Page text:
Alcohol Advertisements Promote Underage Drinking This work is considered exceptional by our editorial staff.

December 17, 2010
More by this author
Imagine driving down a dark country road at night with nothing ahead but unexpected curves, and the only light is coming from the headlights. Out of nowhere, a car speeds past you and slams into a tree. Later on, the news reports that the driver was a teenager who was just coming from a party highly intoxicated and has now died. If only that teenager had not been persuaded to drink, they might still be alive. Many teens are influenced to drink by many sources, such as alcohol advertisements. Alcohol advertisements promote underage drinking by targeting youth with things like entertaining commercials, interesting slogans or modeling that the behavior of drinking is “cool,” and should be stopped or advertised very differently.

In today’s society, alcohol is becoming the most commonly used drug in America. Not only have alcohol advertisements been attracting people who are of age to drink, but the advertisements have been targeting the youth. In an article by The Gale Group Inc. entitled “Alcohol Advertising Targets Teens and Glorifies Drinking” they argue that alcohol producing companies that make it a goal to not target teens have been doing the exact opposite. They state that “commercials for beer are the most obvious, using sports and music stars, and cute dogs like Spuds MacKenzie to show young consumers how much fun alcohol is” (Alcohol).Children today watch a lot of television. If a small child were to watch a commercial with a cute and cuddly dog, they would automatically associate that dog with warm feelings and a positive attitude.In 1996 the Budweiser Frogs seemed more familiar to children more than Tony the Tiger or Smokey the Bear (Advertising). Children at that young age should not recognize a cartoon character representing alcohol more than they should cartoons made for children.Not only do items on the television ads seem appealing, but things like t-shirts and hats attract attention as well. “Researchers studied a group of more than 1,700 sixth and seventh grade students, measuring their alcohol use and intention to drink against their exposure to alcohol ads on TV and magazines as well as in-store promotional items and other marketing materials, like t-shirts and posters” (Youth). Sixth grade students should not even know what drinking is or what it’s about. Even if they aren’t the ones wearing a t-shirt with an alcohol brand on it, they could see it on their parents who they look up to and once again, relate drinking alcohol to being a good thing. “Nineteen percent of the North Dakota middle school students surveyed said they own such materials” (Youth). These alcohol themed items are not only expressed through material items, but the biggest of them all are the alcohol ads on television.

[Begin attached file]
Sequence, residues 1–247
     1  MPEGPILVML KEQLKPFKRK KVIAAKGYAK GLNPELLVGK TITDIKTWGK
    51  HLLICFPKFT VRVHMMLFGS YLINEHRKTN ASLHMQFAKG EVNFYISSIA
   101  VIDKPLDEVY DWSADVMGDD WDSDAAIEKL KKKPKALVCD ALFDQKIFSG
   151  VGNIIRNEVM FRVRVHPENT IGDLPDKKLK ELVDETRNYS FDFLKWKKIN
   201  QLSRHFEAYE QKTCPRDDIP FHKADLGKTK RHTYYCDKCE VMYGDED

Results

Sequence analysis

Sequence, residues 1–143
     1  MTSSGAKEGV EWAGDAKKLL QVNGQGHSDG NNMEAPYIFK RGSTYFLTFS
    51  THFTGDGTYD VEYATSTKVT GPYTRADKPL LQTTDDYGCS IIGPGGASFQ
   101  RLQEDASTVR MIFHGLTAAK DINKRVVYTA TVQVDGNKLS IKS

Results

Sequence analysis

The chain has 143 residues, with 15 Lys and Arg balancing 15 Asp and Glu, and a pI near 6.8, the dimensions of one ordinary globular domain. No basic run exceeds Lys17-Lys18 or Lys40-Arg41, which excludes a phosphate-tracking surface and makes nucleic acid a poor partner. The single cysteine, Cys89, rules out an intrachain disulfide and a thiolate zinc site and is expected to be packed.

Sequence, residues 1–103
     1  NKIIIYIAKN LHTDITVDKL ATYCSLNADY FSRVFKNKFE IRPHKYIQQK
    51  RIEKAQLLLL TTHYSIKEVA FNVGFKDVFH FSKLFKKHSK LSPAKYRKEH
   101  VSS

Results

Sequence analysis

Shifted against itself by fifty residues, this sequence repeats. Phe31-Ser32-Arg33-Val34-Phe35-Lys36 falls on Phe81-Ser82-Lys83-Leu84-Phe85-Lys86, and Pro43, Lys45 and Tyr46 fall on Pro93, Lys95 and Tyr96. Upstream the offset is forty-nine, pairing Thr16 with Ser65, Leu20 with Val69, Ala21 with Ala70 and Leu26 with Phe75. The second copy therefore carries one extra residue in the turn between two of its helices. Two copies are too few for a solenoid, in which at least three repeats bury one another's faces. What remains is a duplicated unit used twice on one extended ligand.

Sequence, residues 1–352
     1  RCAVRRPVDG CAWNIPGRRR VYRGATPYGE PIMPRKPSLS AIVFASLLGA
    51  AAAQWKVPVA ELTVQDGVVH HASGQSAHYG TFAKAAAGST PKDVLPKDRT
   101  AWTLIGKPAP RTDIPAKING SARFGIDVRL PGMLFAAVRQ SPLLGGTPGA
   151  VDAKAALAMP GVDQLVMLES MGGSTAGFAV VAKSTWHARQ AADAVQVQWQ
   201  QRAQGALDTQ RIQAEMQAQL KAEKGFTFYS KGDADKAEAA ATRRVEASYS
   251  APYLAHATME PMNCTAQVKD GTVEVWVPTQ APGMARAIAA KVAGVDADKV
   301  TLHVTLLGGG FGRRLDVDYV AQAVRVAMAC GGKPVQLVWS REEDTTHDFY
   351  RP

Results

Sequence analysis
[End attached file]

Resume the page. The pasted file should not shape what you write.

“Researchers observed that exposure to TV alcohol advertisements was linked with an increased tendency to drink, as were magazine advertisements and concession stands at sporting events or concerts” (Booze). Everyone watches TV and it is obviously impossible to stop people from doing it, but it should be possible for alcohol companies to tone down the way in which they advertise. Alcohol companies know that people watch a lot of television. They could possibly not show as many commercials during times when children are most likely to be watching TV, like at night or on the weekends. Before students graduate high school, they will spend as much time as 18,000 hours in front of the television, and they will watch about 2,000 alcohol commercials on television each year (Advertising). High school students already have enough pressure put on them to drink. Now by seeing so many commercials on TV it just increases that pressure. Not only does just seeing the commercials increase the will to drink, but what is put on the commercials does too. “Alcohol advertisements overwhelmingly connect consumption of alcohol with attributes friendship, prestige, sex appeal and fun” (Advertising). Teenagers today can connect with all of those things which just sparks their interest to drink even more.

Alcohol companies do put warnings like “drink responsibly” on their advertisements but not everyone listens to that. Since alcohol advertisements make drinking look so appealing to youth, whenever they drink they probably feel like one of the “cool kids,” which means they won’t stop at anything, like drinking and driving. “Studies have also concluded that alcohol advertising leads to increased morbidity and mortality associated with data to estimate the specific impact of alcohol advertising on morality caused by motor vehicle accidents in that if a ban were placed on alcohol advertising on television, motor vehicle accident deaths would decrease” (Advertising). Simply put something as common as an alcohol advertisement can lead to the death of a child.